means as can be to deface and obscure

God's glory. Where the devil is resident, “And now I sball tell you who be the and hath his plough going, then away with ploughers; for God's word is a seed to be books and up with candles ; away with sown in God's field, that is, the faithful Bibles and up with beads; away with the congregation, and the preacher is the light of the Gospel and up with the light sower. For preaching of the Gospel is of candles, yea at noondays. Where the one of God's plough-works, and the prea- devil is resident, that he may prevail, up cher is one of God's ploughmen. Ye may with all superstition and idolatry; censing, not be offended with my similitude, in that painting of images, candles, palms, ashes, I compare preaching to the labour and holy water, and new service of man's inwork of ploughing and the preacher to a venting; as though man could invent a ploughman; ye may not be offended with better way to honour God with than God this my similitude, for I have been slan. himself hath appointed. Down with dered of some persons for such things. It Christ's cross, up with purgatory, pickhas been said — 0 Latimer, nay as for him purse, up with him, the popish purgatory, I will never believe him while I live, nor i mean. Away with clothing the naked, trust him, for he likened our blessed Lady the poor and impotent, up with decking of to a saffron-bag;' where, indeed, I never images, and gay garnishing of stocks and used that similitude."

stones ; up with man's traditions and his “But now for the fault of unpreaching laws, down with God's traditions and his prelates, methink I could guess what most holy word. Down with the old might be said for excusing them. They honour due to God, and up with the new are so troubled with lordly living, they be God's honour. Let all things be done in so placed in palaces, couched in courts, Latin. Let there be nothing but Latinrufiling in their rents, dancing in their God's word may in nowise be translated dominions, burdened with ambassages, into English. O that our prelates would be pampering of their paunches, like a monk as diligent to sow the corn of good doctrine that maketh his jubilee; munching in 'as Satan is to sow cockle and darnel !"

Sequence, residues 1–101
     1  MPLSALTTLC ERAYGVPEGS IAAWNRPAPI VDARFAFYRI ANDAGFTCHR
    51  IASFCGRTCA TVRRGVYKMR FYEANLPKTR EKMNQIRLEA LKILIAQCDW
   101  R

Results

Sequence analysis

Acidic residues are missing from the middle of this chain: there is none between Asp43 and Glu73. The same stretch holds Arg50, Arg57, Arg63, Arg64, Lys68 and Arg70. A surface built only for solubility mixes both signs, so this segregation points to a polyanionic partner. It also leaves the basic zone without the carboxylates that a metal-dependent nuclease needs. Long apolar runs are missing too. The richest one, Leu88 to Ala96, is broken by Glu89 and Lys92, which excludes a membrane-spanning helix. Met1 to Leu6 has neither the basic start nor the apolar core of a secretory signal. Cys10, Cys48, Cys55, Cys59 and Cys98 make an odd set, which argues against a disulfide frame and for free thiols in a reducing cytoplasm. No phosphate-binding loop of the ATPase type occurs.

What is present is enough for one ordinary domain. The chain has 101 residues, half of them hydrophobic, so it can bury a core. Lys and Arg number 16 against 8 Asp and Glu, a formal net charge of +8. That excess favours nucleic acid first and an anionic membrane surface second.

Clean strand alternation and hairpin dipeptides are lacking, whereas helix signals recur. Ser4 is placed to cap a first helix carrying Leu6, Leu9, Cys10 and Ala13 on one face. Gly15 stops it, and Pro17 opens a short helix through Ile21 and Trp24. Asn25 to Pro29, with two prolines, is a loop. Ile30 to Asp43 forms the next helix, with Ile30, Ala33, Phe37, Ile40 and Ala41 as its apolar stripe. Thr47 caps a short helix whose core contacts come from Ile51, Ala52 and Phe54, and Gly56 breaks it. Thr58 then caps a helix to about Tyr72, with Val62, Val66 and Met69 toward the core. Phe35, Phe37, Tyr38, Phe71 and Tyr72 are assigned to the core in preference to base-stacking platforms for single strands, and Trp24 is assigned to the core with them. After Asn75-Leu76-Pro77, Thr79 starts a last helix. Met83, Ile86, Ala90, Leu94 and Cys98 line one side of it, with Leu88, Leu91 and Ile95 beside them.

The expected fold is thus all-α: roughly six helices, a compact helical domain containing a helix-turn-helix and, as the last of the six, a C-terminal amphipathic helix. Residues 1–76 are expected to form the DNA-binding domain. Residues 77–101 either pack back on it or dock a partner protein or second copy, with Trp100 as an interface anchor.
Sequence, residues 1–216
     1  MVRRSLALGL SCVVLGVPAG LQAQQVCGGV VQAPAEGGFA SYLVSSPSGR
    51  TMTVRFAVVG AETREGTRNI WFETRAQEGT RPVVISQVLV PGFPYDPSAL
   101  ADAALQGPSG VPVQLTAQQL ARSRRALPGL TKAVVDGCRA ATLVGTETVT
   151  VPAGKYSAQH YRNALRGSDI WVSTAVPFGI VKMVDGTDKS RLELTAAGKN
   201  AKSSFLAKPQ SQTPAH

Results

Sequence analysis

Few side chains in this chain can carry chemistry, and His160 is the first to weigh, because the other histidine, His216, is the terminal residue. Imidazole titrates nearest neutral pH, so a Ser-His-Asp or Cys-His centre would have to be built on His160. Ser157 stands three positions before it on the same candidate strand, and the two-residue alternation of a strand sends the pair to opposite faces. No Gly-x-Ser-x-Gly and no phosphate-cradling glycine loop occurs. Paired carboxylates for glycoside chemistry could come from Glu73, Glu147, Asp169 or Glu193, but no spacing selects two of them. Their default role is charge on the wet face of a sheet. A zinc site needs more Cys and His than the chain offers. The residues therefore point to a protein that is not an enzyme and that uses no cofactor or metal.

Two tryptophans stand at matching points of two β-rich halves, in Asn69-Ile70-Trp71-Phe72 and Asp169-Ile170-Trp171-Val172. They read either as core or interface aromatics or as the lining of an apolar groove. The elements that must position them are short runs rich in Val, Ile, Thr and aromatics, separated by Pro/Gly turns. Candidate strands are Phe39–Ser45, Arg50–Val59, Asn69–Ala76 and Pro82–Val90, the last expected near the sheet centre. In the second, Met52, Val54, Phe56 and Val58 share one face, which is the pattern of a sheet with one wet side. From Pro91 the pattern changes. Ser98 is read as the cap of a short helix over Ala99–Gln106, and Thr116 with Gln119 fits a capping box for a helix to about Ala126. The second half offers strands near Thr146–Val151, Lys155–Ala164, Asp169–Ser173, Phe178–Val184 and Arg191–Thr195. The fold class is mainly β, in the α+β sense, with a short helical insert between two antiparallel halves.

Sabbath Schools.

yet.'

HOW HARRY BECAME A yet.' 'I give up my dog.' 'More CHRISTIAN.

The Indian dropped his head HARRY had been for a long time and wept. He had nothing else to

Are anxious to give his heart to the Saviour give. you sure that is all?' At and become a Christian; but there last he said, "I give myself to him." beemed to be something in the way. 'Aye, that will do.'" He did not know exactly what to do.

Harry understood it. “Yourself is He had been to talk with his minister your heart, and your heart is your a number of tiines, who had tried to love, Harry: You can give it to the lead him to trust in Christ, but he Saviour; ask him, and he will help you could find no peace.

He carried a